Are AMCs Value-Adding?

VaCAP Board

VaCAP Board

Coalition of Appraisers in Virginia at Virginia Coalition of Appraiser Professionals
Coalition of individual appraisers working together to unite, promote and protect the collective interests of all appraisal professionals in Virginia; to promote needed changes in laws, rules, regulations, policies and standards affecting all appraisers in Virginia; to observe and report the actions of regulatory, legislative, oversight, and standards-setting entities of the Commonwealth.
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Are Appraisal Management Companies Value-Adding?The Federal Housing Finance Agency has released a working paper “Are Appraisal Management Companies Value-Adding? – Stylized Facts from AMC and Non-AMC Appraisals”

We have not had a chance to review the report in great detail, however, a quick glance has some very interesting analysis. This is a must read for every appraiser!

See the “Are AMCs Value-Adding?” paper here or below.

Excerpt:

Are Appraisal Management Companies Value-Adding? – Stylized Facts from AMC and Non-AMC Appraisals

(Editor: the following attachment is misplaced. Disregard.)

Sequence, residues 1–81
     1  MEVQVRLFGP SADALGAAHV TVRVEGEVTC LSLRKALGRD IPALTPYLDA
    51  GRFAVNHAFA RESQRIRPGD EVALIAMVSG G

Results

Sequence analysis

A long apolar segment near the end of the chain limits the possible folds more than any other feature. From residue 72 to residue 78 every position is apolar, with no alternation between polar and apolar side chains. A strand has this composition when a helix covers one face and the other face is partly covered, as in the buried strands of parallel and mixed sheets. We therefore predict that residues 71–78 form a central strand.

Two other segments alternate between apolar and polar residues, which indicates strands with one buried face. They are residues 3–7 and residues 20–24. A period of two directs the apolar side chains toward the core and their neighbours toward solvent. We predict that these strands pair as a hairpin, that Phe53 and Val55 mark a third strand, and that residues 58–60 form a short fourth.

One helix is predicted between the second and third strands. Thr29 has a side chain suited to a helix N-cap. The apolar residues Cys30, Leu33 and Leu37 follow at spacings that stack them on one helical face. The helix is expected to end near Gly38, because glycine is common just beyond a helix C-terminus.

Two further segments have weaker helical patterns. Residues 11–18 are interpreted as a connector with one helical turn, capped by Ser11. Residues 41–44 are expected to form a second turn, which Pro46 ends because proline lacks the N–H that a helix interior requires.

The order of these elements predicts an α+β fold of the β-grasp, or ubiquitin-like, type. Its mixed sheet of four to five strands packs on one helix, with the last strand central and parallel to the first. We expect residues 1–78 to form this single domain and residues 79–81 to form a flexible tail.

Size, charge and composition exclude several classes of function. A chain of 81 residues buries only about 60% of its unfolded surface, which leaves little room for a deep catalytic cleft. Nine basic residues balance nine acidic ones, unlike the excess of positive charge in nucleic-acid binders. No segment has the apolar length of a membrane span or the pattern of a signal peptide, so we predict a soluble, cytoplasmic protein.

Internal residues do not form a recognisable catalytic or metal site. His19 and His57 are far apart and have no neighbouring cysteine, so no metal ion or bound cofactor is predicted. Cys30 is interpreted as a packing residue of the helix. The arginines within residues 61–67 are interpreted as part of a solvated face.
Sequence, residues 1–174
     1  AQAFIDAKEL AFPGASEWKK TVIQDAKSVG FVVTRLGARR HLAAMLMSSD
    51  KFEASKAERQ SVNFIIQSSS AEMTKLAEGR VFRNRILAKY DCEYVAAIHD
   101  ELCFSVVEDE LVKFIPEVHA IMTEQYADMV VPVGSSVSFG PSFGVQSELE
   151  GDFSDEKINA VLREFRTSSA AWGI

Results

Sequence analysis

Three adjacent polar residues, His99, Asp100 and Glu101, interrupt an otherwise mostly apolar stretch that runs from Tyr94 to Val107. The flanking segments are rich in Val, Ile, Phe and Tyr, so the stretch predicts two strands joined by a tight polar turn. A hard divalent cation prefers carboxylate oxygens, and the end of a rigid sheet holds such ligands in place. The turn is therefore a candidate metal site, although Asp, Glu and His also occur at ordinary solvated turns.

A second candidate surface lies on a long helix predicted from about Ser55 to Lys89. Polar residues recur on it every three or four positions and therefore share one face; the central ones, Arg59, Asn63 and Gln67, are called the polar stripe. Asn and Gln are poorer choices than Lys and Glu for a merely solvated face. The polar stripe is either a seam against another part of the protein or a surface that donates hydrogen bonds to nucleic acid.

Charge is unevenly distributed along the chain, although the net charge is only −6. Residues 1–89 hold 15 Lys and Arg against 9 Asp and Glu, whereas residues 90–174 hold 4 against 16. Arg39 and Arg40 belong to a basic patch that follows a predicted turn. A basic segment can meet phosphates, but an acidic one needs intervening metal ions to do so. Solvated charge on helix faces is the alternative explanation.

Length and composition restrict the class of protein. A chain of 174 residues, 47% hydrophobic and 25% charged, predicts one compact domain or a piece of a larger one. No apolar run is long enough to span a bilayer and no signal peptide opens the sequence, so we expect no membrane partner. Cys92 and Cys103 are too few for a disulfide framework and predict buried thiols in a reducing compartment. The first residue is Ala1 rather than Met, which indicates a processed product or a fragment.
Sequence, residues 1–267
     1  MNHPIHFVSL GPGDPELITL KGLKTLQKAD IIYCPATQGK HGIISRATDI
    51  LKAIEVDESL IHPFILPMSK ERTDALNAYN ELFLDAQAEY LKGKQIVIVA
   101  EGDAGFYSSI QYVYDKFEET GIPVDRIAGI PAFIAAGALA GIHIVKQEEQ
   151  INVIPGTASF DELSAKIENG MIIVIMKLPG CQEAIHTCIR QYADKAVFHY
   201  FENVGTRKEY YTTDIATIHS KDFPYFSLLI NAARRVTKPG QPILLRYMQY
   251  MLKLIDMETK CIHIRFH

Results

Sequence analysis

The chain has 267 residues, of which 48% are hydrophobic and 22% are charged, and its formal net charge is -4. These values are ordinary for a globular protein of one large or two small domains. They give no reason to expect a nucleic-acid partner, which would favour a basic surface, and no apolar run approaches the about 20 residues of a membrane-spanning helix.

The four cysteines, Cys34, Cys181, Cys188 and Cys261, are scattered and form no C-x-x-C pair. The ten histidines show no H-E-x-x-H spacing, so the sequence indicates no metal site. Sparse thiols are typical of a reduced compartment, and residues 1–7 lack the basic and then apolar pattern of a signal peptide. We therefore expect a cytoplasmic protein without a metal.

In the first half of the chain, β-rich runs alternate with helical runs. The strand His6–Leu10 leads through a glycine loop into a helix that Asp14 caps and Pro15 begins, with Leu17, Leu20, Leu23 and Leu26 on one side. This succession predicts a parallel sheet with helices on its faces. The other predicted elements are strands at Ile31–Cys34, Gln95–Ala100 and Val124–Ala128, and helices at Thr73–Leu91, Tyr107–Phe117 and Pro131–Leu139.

In this paper, we study whether there are any systematic quality differences between appraisals associated and unassociated with appraisal management companies (AMCs). We find that compared to non-AMC appraisals, AMC appraisals on average share a similar degree of overvaluation despite being more prone to contract price confirmation and super-overvaluation. AMC appraisals also share a similar propensity for mistakes, despite employing a greater number of comparable properties. Our evaluation employs relatively simple statistical comparisons, but the results indicate no clear evidence of any systematic quality differences between appraisals associated and unassociated with AMCs.

1. Introduction